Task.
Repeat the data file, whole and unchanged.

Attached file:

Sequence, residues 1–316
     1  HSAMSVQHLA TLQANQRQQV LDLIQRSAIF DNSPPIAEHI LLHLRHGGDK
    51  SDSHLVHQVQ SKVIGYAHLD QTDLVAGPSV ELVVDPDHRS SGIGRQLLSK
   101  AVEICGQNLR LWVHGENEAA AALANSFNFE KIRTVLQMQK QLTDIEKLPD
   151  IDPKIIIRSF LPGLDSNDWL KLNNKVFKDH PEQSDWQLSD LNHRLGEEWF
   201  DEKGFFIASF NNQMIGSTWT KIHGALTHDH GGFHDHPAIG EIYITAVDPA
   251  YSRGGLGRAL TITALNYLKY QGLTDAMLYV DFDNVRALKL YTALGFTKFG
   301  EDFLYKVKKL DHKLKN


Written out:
Sequence, residues 1–316
     1  HSAMSVQHLA TLQANQRQQV LDLIQRSAIF DNSPPIAEHI LLHLRHGGDK
    51  SDSHLVHQVQ SKVIGYAHLD QTDLVAGPSV ELVVDPDHRS SGIGRQLLSK
   101  AVEICGQNLR LWVHGENEAA AALANSFNFE KIRTVLQMQK QLTDIEKLPD
   151  IDPKIIIRSF LPGLDSNDWL KLNNKVFKDH PEQSDWQLSD LNHRLGEEWF
   201  DEKGFFIASF NNQMIGSTWT KIHGALTHDH GGFHDHPAIG EIYITAVDPA
   251  YSRGGLGRAL TITALNYLKY QGLTDAMLYV DFDNVRALKL YTALGFTKFG
   301  EDFLYKVKKL DHKLKN